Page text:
Could he have done more? Yes. Should he have done more? In hindsight, absolutely. But at the time I'm not so sure. What if he had gone and blown the whistle to the cops and the media and it turned out to be false? And what if that had ruined the career of an innocent man?
In hindsight, it's easy to say what he should have done. But we don't know what he knew. And we don't know exactly what he was told. And we may never know exactly what he did. But for people to automatically put the majority of the blame on Paterno seems to be a travesty to me.
He certainly shares in the blame for what happened, but I suspect when all is said and done, there are going to be so many points where something could have been done and so many people involved in covering it up that Paterno's role is going to seem very minor. Yet outside of Sandusky himself, Paterno and his family was bear the brunt of the vast majority of the responsibility.
8 - I won't rehash my opinions on this but I will believe it when I see it. The basketball numbers look huge largely because there are about 64 tournament games, compared to the 3 games a football playoff will have. That 64 games equates to about $12 million per page for basketball. Surely the football numbers per game will be MUCH higher, which makes sense since college football is much more popular. Let's say for the sake of argument that the 3 college football playoff games create closer to $100 million per game, which is closer to my expectation and about 8 times the average value per basketball game.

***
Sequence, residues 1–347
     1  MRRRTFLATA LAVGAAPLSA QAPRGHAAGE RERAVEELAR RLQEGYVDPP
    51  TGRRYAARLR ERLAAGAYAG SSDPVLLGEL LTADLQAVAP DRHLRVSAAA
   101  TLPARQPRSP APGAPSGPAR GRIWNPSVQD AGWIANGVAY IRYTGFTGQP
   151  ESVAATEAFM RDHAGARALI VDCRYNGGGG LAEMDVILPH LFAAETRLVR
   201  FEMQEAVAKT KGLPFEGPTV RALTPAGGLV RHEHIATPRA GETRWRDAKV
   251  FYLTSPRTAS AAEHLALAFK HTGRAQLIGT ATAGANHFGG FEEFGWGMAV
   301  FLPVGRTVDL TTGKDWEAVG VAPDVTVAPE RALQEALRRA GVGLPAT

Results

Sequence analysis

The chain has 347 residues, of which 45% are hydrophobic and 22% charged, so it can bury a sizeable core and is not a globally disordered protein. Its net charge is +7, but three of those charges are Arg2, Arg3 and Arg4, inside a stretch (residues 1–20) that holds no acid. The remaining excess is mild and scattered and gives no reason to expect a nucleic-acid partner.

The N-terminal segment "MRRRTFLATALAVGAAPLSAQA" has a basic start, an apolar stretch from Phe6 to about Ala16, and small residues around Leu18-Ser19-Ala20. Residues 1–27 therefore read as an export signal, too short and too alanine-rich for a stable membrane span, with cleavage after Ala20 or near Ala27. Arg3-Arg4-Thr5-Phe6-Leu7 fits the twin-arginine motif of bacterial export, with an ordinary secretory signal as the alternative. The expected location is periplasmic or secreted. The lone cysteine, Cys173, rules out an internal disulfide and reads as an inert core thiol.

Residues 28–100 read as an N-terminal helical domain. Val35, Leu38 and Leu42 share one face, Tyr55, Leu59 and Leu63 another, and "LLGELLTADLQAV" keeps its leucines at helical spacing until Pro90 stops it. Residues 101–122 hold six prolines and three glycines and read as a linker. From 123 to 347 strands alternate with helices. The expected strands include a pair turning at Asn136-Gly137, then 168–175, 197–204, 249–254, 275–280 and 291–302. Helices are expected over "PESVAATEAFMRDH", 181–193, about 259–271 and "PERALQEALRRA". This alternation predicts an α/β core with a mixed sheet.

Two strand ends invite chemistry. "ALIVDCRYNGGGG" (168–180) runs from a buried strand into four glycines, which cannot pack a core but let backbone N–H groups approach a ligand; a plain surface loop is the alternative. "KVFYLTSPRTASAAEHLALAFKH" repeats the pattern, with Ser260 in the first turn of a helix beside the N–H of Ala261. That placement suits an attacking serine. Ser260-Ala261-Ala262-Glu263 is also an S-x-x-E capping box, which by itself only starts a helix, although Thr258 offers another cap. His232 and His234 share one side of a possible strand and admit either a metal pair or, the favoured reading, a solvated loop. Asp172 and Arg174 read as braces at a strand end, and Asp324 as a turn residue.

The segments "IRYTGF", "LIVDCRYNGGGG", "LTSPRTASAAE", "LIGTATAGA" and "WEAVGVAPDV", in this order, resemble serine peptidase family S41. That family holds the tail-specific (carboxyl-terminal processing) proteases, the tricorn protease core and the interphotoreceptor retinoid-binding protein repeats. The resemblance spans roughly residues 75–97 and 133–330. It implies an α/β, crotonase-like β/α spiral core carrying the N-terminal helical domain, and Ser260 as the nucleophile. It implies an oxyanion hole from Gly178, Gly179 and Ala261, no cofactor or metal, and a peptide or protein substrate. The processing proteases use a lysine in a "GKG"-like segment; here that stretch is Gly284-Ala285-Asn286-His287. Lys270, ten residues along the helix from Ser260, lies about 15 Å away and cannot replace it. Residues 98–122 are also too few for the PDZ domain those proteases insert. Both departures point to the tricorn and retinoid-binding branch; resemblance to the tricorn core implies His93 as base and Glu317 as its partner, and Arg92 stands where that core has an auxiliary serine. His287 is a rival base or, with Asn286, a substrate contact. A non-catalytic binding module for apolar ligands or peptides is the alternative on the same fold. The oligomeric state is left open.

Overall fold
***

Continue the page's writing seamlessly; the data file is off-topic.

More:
That would total around $300 million, which I think is a more realistic number than the $500-$800 million they've been telling you, but is still more than the 5 current BCS games, yet still far less than March Madness.
They aren't going to generate the same revenue from a college football playoff unless they add more games, which I think would be a HUGE mistake! If they do that, the college football regular season will become about as irrelevant and make about as much money as the college basketball regular season ... which isn't much.